At the end of 1920s, the activities of the Fermi group in Rome focused almost exclusively on atomic physics and related subjects, as did the other major research centers throughout Europe. After having obtained several significant results in atomic and molecular spectroscopy, around 1930 some people in the group realized that such a field could no longer offer any great prospects, and Fermi himself predicted that the interest would shift from the study of the external parts of the atom to its nucleus. However, no general consensus was reached initially inside the group, and the spectroscopic activities continued, along with the acquisition of theoretical knowledge and experimental technologies required by nuclear physics, until 1934, when the Fermi group discovered the radioactivity induced by neutrons and the important properties of slow neutrons .
Majorana also actively participated in scientific discussions within the Rome group [10, 11], but, as we have seen in Section 2.6, we are left with only one published paper of his on nuclear physics topics (that is, paper(s) N.8), dealing with the Heisenberg–Majorana exchange forces in nuclei, while nothing was published of his previous works on these matters. Remarkably, Majorana was the first in Rome to study nuclear physics; in 1929 (on July 6) he defended his degree thesis on “The quantum theory of radioactive nuclei,” and his studies on such topics continued for several years, independent of the main line of research carried out by the Fermi group. In this chapter we will focus on these (unpublished) studies , performed around 1929–30, devoted mainly to nuclear reactions induced by α particles.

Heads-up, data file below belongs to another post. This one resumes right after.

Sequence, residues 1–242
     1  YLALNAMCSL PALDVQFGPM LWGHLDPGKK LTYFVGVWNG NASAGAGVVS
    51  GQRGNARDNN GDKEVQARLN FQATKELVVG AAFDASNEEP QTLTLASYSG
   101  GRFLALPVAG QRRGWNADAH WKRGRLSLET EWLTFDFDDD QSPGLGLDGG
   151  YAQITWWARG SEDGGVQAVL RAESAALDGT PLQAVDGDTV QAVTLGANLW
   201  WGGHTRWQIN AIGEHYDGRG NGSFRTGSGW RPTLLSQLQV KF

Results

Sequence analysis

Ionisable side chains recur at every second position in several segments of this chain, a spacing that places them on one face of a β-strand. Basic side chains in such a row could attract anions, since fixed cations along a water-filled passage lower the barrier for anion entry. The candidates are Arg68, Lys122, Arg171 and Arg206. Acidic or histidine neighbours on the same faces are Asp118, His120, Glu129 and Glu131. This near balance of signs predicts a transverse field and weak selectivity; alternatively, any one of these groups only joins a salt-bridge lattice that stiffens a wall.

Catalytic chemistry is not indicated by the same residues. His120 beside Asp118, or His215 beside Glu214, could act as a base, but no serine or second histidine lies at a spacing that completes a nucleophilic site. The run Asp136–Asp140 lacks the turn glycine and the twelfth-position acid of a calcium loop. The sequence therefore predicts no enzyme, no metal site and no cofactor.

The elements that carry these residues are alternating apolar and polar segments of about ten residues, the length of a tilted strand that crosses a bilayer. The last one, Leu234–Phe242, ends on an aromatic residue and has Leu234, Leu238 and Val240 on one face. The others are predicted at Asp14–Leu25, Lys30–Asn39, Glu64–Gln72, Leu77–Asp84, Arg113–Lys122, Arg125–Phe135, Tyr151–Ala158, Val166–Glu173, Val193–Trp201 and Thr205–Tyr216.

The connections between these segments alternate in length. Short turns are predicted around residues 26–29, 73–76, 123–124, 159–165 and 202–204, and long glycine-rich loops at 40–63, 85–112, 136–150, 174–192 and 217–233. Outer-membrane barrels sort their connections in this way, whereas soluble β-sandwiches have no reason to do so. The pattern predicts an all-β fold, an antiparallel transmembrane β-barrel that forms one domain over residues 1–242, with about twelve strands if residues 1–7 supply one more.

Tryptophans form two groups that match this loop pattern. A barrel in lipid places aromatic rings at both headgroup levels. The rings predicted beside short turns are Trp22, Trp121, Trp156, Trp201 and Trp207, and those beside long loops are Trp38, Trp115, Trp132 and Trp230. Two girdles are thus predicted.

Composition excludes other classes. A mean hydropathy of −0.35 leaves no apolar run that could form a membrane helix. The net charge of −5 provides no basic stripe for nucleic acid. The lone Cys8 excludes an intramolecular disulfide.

Probing the atomic nucleus with α particles
The first steps of nuclear physics were taken in the realm of radioactive phenomena, among which those involving α emission were readily recognized to induce a profound modification of the atomic nucleus by virtue of the large mass of the emitted particles.